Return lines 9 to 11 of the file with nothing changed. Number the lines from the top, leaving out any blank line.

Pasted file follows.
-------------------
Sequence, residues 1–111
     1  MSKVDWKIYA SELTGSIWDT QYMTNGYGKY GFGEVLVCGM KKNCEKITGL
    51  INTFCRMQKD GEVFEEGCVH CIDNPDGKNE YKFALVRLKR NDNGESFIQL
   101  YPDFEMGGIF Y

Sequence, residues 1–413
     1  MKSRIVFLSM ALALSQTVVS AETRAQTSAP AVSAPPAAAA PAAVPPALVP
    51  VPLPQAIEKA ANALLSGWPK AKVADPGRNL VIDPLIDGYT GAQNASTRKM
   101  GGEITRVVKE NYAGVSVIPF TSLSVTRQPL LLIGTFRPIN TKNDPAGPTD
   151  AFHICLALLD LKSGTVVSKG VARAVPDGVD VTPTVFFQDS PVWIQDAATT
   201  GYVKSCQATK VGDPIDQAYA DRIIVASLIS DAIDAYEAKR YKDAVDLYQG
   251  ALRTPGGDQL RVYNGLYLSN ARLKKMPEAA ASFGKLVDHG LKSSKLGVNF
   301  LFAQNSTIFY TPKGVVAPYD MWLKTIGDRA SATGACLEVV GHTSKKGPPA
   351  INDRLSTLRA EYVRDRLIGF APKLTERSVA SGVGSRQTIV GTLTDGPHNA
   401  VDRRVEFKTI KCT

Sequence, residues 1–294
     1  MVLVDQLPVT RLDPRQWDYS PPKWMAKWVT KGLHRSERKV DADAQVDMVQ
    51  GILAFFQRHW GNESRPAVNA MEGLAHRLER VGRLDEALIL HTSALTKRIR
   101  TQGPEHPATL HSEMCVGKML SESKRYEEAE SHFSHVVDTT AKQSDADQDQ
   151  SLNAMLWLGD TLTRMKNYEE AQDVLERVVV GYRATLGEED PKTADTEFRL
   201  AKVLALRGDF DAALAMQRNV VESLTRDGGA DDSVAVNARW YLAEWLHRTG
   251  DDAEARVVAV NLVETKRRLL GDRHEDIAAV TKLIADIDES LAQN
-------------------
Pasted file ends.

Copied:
   151  AFHICLALLD LKSGTVVSKG VARAVPDGVD VTPTVFFQDS PVWIQDAATT
   201  GYVKSCQATK VGDPIDQAYA DRIIVASLIS DAIDAYEAKR YKDAVDLYQG
   251  ALRTPGGDQL RVYNGLYLSN ARLKKMPEAA ASFGKLVDHG LKSSKLGVNF